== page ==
26. The system of claim 24, wherein the drilling behavior model comprises an equation expressible as:
H ( s ) = i = 1 i = N ( CH i · v i ( s ) ) + k = 1 k = X ( CB k · β k ( s ) ) + l = 1 l = P ( CM l · M l ( s ) ) + n = 1 n = Q ( CF n · F n ( s ) ) + r = 1 r = Y ( CW r · w r ( s ) ) s + CG · s 2 - CH 1 - CH 2 · - s · L 1 - j = 2 j = N CH j + 1 · - s · L 1 j ,
wherein N is the number of touch points, X is the number of bend angles, P is the number of external moments, Q is a number of external forces, and Y is the number of lengths of distributed weights, H(s) is a Laplace Transform of H(m), m is the distance drilled, s is a Laplace Transform variable, H(m) is the lateral displacement of the center of borehole at the bit, CHi is a vertical displacement coefficient at an ith position, vi(s) is a Laplace Transform of a vertical displacement from the center of the borehole at the ith position, CBk is an angular coefficient at a kth position, βk(s) is a Laplace Transform of an angular offset at the kth position, CMl is a total displacement coefficient at an lth position, Ml(s) is a Laplace Transform of an external moment at the lth position, CFn is a coefficient of force at an nth position, Fn(s)is a Laplace Transform of force at the nth position, CWr is a mass per unit length coefficient at an rth position, wr(s) is a Laplace Transform of mass per unit length for the rth position, e is the base of the natural logarithm, CG is a coefficient moment to tilt the bit, Li is an element i of a drill string, CHj+1 is a coefficient at a (j+1)th position, and L1 j is a distance from element 1 to element Lj.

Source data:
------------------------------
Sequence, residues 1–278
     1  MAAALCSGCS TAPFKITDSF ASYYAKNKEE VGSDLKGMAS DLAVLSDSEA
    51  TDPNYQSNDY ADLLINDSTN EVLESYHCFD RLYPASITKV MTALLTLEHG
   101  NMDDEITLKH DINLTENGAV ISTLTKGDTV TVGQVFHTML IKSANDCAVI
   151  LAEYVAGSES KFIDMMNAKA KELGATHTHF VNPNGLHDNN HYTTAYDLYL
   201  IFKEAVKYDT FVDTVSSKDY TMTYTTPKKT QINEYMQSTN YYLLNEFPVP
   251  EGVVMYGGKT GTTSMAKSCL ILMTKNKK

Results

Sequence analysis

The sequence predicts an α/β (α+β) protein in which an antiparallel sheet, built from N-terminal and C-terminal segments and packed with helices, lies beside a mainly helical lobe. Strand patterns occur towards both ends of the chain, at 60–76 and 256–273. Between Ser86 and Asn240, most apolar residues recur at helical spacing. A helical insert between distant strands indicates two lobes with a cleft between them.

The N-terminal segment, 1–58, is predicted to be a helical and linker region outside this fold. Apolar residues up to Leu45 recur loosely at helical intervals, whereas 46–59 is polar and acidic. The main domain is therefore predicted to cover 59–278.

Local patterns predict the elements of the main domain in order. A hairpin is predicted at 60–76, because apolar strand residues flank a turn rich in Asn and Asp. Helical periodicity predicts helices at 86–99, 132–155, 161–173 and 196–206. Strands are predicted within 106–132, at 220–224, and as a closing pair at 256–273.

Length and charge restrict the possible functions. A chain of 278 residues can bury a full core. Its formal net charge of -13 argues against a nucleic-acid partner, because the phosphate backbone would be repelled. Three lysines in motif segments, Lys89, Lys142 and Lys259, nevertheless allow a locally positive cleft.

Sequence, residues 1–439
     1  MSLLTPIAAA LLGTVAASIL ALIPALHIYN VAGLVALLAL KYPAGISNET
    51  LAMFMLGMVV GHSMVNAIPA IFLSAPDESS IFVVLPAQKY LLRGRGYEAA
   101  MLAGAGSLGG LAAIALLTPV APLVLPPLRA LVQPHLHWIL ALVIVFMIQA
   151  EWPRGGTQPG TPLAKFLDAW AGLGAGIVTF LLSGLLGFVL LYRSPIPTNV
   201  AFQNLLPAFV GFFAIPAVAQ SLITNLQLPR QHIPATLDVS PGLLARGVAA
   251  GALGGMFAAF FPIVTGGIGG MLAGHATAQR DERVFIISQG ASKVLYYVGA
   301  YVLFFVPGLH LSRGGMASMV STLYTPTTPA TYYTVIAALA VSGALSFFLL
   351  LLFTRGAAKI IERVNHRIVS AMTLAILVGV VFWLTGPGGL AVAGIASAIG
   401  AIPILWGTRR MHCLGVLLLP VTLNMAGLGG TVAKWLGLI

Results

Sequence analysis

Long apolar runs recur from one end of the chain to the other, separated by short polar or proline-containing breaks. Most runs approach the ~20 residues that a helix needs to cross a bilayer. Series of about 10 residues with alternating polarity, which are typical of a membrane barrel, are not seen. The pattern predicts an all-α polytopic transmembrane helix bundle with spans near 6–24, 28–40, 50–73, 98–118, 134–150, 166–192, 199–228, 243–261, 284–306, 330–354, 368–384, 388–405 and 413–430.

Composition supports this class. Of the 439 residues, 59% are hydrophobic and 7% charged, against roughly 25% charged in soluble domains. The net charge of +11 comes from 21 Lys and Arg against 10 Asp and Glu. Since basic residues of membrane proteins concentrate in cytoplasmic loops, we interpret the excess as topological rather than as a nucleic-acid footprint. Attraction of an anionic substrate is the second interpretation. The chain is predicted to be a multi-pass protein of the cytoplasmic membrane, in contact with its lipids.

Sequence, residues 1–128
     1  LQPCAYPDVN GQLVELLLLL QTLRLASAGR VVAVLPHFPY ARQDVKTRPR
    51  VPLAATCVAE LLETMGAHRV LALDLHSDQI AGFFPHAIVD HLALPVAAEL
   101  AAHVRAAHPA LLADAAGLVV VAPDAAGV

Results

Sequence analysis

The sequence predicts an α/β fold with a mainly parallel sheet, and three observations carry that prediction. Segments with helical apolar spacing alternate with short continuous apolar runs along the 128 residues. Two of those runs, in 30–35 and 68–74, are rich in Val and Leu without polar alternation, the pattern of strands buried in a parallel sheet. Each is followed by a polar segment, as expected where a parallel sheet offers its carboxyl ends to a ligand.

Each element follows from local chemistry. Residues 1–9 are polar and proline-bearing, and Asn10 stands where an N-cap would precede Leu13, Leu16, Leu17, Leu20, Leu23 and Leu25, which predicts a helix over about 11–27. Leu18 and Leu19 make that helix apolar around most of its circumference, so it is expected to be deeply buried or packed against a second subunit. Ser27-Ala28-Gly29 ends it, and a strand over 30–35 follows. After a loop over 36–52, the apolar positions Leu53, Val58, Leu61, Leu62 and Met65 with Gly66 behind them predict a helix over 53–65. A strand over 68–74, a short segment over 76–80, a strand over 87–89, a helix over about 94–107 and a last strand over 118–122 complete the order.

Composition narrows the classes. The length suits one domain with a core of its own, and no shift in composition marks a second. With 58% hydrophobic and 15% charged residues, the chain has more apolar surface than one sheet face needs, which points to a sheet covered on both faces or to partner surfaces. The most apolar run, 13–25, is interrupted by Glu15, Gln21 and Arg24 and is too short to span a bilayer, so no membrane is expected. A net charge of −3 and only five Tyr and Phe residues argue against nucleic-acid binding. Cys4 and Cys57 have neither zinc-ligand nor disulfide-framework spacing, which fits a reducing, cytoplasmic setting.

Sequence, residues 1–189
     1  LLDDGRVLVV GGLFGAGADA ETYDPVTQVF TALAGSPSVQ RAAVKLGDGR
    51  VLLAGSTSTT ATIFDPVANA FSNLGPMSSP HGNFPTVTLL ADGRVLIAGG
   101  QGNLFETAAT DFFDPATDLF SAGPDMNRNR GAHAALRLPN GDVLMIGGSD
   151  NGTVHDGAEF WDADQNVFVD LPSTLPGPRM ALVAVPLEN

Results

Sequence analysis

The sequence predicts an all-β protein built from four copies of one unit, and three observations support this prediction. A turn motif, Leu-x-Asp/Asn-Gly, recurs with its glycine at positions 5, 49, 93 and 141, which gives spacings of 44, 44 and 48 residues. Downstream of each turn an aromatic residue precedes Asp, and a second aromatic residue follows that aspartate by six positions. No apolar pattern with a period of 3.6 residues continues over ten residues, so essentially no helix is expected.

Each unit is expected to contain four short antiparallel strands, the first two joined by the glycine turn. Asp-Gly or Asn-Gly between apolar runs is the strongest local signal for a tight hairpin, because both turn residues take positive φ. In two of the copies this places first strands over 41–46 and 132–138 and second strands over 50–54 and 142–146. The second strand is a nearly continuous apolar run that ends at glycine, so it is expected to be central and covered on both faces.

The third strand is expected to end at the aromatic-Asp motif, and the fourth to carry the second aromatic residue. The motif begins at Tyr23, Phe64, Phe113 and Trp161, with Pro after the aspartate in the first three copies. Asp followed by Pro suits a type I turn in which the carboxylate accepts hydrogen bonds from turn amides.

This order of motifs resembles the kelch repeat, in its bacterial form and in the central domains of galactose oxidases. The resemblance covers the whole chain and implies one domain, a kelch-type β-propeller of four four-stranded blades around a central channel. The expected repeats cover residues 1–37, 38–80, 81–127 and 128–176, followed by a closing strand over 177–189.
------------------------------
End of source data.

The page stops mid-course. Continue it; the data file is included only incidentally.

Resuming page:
27. The system of claim 24, further comprising:
a plurality of sensors for gathering the sensor data; and
drilling assembly equipment configured to:
receive the command from the model execution hardware; and
self-adjust based on the command.
28. The system of claim 24, wherein the model execution hardware is a downhole steering tool.
29. The system of claim 28, wherein the downhole steering tool comprises a well plan and adjusts the drilling of the borehole based on the well plan and the results.
30. The system of claim 29, wherein the downhole steering tool is configured to obtain a set of objectives and generate the well plan.
31. The system of claim 24, wherein the data repository comprises a plurality of versions of the drilling behavior model.